7. Robust Circulatory Flow – Just as human health depends on the robust circulation of oxygen, nutrients, etc., so too does economic health depend on robust circulatory flows of money, information, resources, and goods and services to support exchange, flush toxins, and nourish every cell at every level of our human networks. The circulation of money and information and the efficient use and reuse of materials are particularly critical to individuals, businesses, and economies reaching their regenerative potential.
  8. Seeks Balance – Being in balance is more than just a nice way to be; it is actually essential to systemic health. Like a unicycle rider, regenerative systems are always engaged in this delicate dance in search of balance. Achieving it requires that they harmonize multiple variables instead of optimizing single ones. A Regenerative Economy seeks to balance: efficiency and resilience; collaboration and competition; diversity and coherence; and small, medium, and large organizations and needs.

The resulting theory shows us how to build vibrant, long-lived, regenerative economies and societies using the same holistic principles of health found consistently across widely different types of systems throughout the cosmos. This theory grounds our understanding of why integrity, ethics, caring, and sharing lead to socially vibrant communities and healthy economies – while at the same time making perfect practical and scientific sense.

It differs most from current approaches to sustainability in that, instead of focusing on social and environmental health using traditional reductionist logic to “solve problems,” it aims directly at building healthy human networks as the objective, drawing on universal principles and patterns, with “sustainability” becoming an outcome, a natural byproduct of systemic health. It is like (holistic) healthcare in contrast to (reductionist) disease care.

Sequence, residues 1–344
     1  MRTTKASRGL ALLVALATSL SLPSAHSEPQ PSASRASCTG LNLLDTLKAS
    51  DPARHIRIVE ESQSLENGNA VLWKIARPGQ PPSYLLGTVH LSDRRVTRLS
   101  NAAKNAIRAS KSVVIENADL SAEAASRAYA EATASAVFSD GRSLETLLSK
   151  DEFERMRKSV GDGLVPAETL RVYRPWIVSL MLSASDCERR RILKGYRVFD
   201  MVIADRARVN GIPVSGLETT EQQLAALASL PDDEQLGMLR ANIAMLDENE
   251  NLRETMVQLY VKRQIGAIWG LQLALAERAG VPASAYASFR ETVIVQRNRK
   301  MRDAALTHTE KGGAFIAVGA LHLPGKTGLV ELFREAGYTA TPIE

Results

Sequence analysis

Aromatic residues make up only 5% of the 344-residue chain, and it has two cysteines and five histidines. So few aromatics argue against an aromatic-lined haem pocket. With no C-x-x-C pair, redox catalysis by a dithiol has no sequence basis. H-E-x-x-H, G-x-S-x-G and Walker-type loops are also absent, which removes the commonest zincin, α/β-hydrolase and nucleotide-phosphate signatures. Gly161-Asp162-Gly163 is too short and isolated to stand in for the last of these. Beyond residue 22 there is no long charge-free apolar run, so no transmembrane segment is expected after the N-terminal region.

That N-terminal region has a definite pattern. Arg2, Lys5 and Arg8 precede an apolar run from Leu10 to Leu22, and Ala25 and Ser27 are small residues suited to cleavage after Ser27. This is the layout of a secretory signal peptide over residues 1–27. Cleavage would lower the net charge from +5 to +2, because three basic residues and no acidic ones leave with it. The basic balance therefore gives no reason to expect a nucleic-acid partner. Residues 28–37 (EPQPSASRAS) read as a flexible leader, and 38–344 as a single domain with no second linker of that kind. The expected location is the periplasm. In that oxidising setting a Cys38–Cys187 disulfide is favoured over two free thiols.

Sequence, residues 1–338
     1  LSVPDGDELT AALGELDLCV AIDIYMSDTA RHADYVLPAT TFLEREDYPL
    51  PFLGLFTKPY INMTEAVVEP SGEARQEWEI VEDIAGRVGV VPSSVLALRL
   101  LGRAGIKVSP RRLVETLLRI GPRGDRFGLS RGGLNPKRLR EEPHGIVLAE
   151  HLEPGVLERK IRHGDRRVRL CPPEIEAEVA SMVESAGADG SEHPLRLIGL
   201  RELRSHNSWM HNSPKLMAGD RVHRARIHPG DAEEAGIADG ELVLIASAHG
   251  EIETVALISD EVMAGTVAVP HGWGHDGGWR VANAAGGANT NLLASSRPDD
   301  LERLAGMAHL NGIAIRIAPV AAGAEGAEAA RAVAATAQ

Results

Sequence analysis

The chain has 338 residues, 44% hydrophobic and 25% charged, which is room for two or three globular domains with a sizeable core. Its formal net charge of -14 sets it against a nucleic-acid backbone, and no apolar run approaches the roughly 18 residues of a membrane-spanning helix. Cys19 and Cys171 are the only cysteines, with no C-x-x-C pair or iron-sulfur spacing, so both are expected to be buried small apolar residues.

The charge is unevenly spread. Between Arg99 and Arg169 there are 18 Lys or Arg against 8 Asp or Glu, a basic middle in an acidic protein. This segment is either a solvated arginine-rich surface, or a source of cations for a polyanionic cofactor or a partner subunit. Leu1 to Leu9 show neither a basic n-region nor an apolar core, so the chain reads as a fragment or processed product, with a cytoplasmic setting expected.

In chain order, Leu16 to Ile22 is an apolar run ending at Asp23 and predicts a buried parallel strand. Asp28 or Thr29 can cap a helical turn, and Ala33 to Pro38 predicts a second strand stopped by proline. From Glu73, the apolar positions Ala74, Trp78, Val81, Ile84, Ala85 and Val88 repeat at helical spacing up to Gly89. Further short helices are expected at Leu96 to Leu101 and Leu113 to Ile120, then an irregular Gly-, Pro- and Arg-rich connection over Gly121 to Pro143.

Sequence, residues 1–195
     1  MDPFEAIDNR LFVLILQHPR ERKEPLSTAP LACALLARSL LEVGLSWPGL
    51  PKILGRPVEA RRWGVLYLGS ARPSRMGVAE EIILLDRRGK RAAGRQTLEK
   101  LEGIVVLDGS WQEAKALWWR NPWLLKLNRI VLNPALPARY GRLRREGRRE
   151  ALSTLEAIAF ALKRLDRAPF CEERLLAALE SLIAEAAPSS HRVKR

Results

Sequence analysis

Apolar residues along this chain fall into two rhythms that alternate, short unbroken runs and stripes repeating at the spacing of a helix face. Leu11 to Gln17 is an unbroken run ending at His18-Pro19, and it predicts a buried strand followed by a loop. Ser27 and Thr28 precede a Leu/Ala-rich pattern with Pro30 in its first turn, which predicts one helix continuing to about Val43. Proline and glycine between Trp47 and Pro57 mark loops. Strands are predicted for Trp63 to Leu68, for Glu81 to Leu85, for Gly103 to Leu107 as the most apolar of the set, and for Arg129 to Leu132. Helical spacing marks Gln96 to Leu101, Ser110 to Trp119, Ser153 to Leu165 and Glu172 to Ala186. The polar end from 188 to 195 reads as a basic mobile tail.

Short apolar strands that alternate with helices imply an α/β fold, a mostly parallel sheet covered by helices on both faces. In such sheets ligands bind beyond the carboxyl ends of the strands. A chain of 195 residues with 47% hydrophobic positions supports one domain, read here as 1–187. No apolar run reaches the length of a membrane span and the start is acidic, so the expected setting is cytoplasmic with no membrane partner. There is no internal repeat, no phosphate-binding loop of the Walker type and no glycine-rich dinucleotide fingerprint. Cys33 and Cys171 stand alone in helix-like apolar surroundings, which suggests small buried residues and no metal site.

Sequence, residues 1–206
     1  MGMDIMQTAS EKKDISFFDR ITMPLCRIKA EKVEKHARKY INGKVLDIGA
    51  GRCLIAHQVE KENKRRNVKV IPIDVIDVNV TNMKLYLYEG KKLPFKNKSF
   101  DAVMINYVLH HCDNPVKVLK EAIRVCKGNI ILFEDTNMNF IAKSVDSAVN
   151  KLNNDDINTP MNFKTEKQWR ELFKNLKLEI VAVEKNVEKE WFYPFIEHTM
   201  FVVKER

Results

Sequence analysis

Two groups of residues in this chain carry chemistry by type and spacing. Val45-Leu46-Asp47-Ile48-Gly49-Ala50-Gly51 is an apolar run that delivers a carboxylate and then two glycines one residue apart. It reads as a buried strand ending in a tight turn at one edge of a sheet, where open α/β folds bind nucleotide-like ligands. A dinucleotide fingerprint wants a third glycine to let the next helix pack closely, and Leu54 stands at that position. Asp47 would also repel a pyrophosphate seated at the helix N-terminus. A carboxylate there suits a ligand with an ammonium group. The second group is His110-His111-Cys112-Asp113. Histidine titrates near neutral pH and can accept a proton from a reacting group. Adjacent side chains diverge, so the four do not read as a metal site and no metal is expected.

Because the theory focuses on building healthy human networks, it is not actually new. Instead, it has been discovered and rediscovered time and again over the millennia, appearing from the ancient Greeks’ invention of democracy, to the rules of mutually beneficial, give-and-take relationships that allow stakeholder-owned enterprises to be effective today.

Furthermore, instead of a political philosophy of the left or right, this rigorous form of holism specically sees regenerative economies as a new stage of capitalism built around an integration of the best of both political leanings. Consequently, instead of jettisoning capitalism wholesale, this holism uses the universal design principles underlying all systemic health to show us how to preserve and build on the many strengths of our free enterprise system, while addressing its failings head on….”

If you are still not convinced, I encourage you to dig deeper into the references hyperlinked above. If you can provide a better alternative to steering us forward and grounding us securely, confidently and sustainably in the management of our life-capital, please do share in this collective birthing process of our new life economy.

As a picture is worth a thousand words, I would leave you now with several illustrations from the articles cited above.

From Using Energy Network Science (ENS) to connect resilience with the larger story of systemic health and development:


Fig. 1: An economy, the biosphere and metabolism as flow networks

Where classical economics focused on equilibrium theory, today’s expanded energy research studies the behavior of flow networks, systems built around circulating matter, energy and information throughout their entire being.


Fig. 9: Self-feeding return loops in the biosphere and an economy


Fig. 8: The Goldilocks Rule in banking

From Extreme Inequality = Economic Collapse:

extractive economy


From REGENERATIVE CAPITALISM How Universal Principles And Patterns Will Shape Our New Economy:



social problems